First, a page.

"I have been to a lot of funerals," Mr. Gilchrest said.

Who said it?

"We are seen as occupiers, we are targets. We have got to get out. I don't think we can sustain our current policy, nor do I think we should"

Who said it? Russ Feingold? Howard Dean? Cindy Sheehan?

Republican Chuck Hagel.

He also drew parallels between Iraq and Vietnam this week,

Iraq and Vietnam still have more differences than similarities, he said, but "there is a parallel emerging."

"The longer we stay in Iraq, the more similarities will start to develop, meaning essentially that we are getting more and more bogged down, taking more and more casualties, more and more heated dissension and debate in the United States," Hagel said.

In the last couple of days both Russ Feingold and Chuck Hagel have advocated withdraw with Feingodl pinpointing an exact date (Dec 31, 2006). Both of these men are considering runs for the Presidency and both are positioning themselves as anti-war candidates, coincidence? I think not - Independents and Democrats are solidly against the war and there is a growing sentiment amongst Republican's to get out as soon as possible. Feingold is a progressive Democrat and Hagel is a bit of a maverick Republican but I don't think they are trying to appeal to fringe elements within their respective parties. Their is a burgeoning sentiment in this country that Iraq has not made us safer and has not been worth the costs in American lives and Feingold and Hagel are astute politicians who are tapping into that sentiment.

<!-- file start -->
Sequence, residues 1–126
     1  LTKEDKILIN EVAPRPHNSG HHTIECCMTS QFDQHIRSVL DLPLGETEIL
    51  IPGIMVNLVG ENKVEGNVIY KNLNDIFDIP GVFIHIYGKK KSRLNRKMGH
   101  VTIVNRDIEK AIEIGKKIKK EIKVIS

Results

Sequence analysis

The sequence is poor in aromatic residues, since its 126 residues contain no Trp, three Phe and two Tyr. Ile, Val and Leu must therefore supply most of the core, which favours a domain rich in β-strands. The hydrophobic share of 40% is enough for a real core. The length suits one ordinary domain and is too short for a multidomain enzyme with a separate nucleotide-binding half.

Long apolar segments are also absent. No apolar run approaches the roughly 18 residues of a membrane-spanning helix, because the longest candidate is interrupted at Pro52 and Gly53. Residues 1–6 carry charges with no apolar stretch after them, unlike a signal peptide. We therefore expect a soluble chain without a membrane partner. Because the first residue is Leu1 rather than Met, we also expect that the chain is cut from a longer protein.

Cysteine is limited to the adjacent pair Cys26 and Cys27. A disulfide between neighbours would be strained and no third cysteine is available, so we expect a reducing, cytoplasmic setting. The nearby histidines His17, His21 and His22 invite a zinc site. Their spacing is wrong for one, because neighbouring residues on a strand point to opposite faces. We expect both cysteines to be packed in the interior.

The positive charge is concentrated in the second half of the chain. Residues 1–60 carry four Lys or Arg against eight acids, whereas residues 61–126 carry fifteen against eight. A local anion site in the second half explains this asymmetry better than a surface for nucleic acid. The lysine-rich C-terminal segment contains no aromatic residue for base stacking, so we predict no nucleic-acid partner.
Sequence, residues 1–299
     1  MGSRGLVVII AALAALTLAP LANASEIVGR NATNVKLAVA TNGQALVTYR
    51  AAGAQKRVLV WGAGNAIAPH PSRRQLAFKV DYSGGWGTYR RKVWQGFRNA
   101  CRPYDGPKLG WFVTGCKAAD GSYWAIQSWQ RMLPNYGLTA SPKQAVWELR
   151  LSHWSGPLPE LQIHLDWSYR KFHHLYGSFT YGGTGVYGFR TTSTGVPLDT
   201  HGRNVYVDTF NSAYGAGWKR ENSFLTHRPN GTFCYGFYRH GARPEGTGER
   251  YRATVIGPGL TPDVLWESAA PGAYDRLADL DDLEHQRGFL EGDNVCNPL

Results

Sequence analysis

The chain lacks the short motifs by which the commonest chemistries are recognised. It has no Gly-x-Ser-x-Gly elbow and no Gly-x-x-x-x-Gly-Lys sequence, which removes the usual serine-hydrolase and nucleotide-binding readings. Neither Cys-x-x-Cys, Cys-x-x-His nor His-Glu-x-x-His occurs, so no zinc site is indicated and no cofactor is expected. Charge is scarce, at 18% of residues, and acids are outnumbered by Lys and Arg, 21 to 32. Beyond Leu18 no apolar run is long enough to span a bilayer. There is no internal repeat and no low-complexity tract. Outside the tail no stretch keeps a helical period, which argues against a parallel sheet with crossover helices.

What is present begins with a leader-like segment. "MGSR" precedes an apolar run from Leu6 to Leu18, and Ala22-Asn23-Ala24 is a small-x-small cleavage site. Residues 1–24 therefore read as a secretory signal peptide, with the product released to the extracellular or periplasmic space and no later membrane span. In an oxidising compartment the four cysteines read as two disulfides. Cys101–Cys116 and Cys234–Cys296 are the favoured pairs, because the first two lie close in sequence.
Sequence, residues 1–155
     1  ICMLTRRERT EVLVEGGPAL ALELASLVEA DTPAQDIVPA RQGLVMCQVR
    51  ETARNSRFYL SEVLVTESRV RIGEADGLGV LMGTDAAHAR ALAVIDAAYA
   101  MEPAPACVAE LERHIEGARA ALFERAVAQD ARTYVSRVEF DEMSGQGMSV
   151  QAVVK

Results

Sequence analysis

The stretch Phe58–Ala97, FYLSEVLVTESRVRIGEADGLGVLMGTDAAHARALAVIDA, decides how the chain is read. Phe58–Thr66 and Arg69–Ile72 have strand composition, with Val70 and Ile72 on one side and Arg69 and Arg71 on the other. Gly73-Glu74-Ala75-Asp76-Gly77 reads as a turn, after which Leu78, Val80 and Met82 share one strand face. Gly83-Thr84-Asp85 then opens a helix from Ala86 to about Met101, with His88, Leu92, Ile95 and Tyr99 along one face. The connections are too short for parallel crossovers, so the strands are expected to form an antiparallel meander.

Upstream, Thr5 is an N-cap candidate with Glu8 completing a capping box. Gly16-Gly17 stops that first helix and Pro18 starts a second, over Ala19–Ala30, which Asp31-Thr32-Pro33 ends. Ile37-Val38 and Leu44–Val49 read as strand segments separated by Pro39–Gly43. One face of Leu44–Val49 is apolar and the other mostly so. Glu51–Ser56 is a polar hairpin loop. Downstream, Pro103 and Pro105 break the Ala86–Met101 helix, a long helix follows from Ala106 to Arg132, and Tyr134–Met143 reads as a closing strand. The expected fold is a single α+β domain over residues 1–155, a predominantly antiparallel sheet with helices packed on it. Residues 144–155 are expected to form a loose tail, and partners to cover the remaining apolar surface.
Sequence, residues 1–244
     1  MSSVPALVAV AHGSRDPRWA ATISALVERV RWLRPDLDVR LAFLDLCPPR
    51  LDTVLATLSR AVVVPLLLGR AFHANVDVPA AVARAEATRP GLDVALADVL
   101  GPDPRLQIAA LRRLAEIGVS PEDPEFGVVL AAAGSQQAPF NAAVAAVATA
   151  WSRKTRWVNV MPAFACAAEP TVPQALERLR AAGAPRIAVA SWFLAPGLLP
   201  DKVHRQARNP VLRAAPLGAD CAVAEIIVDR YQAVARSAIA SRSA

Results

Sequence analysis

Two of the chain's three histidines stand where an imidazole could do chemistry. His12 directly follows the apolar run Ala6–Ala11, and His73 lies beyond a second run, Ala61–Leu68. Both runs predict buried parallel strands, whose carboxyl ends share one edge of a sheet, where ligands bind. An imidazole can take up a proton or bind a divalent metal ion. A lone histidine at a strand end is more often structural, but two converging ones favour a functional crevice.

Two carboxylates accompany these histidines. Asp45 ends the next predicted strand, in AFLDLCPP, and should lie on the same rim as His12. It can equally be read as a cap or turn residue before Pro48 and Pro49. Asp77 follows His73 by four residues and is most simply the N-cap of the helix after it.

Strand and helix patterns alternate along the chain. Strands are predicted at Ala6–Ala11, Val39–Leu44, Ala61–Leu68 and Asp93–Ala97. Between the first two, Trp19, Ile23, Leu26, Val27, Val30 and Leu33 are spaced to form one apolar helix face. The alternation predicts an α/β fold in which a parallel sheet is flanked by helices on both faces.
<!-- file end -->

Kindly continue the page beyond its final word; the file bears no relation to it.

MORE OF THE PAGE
Wednesday, August 17, 2005

New SurveyUSA 50 State Presidential Poll

SurveyUSA has just released a new Presidential Approval Rating poll. They have Bush at 41% Approve to 55% Disapprove, a new low for the President. The President is currently at 45%-53% here in Colorado and you can see the Colorado Tracking Poll here.

MyDD has done some more in-depth analysis that I highly recommend you read.
Here is an eye-opening fact about the Survey USA 50-state tracking released today: in every single state, Independent approval of Bush was closer to Democratic approval of Bush than Independent approval of Bush was to Republican approval of Bush. That was the case in every state. Fifty out of fifty. Massachusetts and Utah. California and Alabama. New York and Idaho. In every single state in the country, Independents were more in line with Democrats than they were with Republicans.

Bush's approval is higher than his disapproval in just 10 of the states that he won in 2004. In 21 states he is even or behind, including....

Georgia -4%
Kansas -4%
S.. Carolina -6%
Florida -9%
Tennessee -9%
Kentucky -11%
Missouri -20%
Ohio -23%

I wouldn't want to be Republican running for Congress in any of those states....

Bosnia anyone?

Quotes from when Clinton when committed troops to Bosnia. Thanks to Kos..

"You can support the troops but not the president."
--Rep Tom Delay (R-TX)

"Well, I just think it's a bad idea. What's going to happen is they're going to be over there for 10, 15, maybe 20 years."